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What is the difference between an object K and the thing which satisfies ( is an extension of', 'is an instance of' ) the property P ( or 'universal', 'predicate' , 'qualia', 'concept' ) :

P(x): x is K

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    "is" is ambiguous (as your example shows) between "belongs to" as in : "the object d satisfy the concept/property P" (P(d) or d ∈ P) and "is equal to" as in : "the object d is the same as K". When we say : "Socrates is a philosopher" we assert that the individual Socrates has the "property" of being a philosopher (or it belongs to the set of philosophers). When we say that "Socrates is not Plato" we say that the two names are referring to two individuals. – Mauro ALLEGRANZA Apr 15 '15 at 7:03
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One may formalize this is any formal system with a good concept of equality. One of these is homotopy type theory which knows the identity type (X = K). It is then a theorem that Sum_X (X = K) is a contractible type whose essentially unique inhabitant is K itself.

David Corfield just the other day wrote a note on this for an audience of philosophers interested in structuralism.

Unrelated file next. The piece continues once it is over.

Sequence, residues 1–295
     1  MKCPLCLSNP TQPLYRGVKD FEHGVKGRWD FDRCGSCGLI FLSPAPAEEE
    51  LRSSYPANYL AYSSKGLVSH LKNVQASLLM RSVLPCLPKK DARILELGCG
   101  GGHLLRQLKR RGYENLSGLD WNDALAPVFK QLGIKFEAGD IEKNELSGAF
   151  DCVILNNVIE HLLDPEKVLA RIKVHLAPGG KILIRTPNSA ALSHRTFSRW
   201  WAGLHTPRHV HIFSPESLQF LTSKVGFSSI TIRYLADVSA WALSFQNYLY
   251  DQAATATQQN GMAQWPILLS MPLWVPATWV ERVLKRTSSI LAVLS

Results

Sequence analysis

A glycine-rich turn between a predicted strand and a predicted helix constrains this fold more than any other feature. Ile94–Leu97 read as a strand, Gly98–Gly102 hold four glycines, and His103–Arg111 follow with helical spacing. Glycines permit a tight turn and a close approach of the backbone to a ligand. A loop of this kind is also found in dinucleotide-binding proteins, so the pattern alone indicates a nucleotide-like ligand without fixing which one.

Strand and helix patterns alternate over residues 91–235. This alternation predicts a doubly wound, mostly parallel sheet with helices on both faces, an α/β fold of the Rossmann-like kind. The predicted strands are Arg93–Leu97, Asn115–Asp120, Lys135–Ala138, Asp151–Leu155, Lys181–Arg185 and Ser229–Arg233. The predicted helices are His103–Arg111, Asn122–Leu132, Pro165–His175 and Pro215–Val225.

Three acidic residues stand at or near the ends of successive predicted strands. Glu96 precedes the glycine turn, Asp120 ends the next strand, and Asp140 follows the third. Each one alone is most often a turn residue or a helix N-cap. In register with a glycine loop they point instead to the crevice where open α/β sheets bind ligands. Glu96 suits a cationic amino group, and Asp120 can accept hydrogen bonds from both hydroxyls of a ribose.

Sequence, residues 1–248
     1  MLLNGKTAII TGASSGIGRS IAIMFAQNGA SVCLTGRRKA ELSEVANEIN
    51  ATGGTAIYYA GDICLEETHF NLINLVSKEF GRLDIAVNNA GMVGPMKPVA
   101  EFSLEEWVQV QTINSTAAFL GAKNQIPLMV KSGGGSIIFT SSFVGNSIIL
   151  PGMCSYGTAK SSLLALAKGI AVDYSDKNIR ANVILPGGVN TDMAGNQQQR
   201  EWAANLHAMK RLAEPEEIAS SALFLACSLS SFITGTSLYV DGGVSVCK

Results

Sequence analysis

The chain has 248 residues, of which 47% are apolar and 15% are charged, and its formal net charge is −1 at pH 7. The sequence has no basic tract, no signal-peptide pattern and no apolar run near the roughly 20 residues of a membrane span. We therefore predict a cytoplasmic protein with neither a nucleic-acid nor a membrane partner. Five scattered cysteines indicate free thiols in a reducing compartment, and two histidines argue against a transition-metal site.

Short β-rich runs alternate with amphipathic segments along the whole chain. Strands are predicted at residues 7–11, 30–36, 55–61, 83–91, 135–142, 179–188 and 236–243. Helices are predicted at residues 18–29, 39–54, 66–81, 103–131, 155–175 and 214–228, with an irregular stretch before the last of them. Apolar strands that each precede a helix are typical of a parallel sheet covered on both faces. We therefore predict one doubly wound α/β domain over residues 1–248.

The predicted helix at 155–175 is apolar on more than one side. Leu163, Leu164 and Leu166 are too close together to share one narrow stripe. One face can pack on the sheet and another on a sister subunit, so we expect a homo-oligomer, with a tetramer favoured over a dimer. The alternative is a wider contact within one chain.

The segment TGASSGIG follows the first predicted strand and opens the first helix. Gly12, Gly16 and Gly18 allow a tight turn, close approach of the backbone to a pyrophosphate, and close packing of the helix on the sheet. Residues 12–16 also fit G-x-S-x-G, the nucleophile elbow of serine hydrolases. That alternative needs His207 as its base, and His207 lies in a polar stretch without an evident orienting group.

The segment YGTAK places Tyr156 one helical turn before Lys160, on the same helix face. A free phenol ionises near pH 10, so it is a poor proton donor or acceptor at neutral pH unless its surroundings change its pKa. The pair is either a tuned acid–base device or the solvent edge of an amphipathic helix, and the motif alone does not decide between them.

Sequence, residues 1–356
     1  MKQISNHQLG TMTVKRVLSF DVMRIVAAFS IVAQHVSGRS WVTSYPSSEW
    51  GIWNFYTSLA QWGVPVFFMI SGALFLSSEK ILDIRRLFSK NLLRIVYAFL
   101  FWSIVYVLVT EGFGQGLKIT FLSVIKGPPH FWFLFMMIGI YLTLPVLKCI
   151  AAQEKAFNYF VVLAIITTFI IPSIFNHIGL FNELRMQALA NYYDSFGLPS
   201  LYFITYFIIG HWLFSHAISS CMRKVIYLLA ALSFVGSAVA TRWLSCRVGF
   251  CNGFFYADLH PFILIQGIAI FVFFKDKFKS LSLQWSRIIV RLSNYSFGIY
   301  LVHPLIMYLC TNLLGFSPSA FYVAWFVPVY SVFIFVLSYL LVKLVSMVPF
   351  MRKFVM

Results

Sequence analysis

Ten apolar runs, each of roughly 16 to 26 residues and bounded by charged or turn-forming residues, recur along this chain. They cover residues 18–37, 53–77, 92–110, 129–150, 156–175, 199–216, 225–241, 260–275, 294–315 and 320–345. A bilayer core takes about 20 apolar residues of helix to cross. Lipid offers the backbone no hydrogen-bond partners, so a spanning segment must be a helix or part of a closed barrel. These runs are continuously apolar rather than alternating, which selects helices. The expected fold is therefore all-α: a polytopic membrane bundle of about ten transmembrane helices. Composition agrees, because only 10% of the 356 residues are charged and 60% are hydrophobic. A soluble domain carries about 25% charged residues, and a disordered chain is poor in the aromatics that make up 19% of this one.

• David Corfield, A note on 'The' and 'The Structure of' in Homotopy Type Theory, 2015 (pdf)

For more along these lines see also the references at nLab:structuralism.

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J. Hintikka has written a classic paper on the problem, which he calls the Fregaean trichotomy: 'is' as predication, identity, existence.

Hintikka J., "Is", Semantical Games, and Semantical Relativity, J. Philosophical Logic, Vol. 8, No. 1 (Jan., 1979), pp. 433-468 (Springer|Jstor)

After discussing these aspects and adding more, he concludes: the trichotomy is probably wrong and notes that "Frege, Russell, Quine, Davidson, Chomsky, Lakoff all were mistaken".

The topic defies surveying but the Ontology site has compiled a bibliography https://www.ontology.co/pdf/existence-predication-biblio.pdf.

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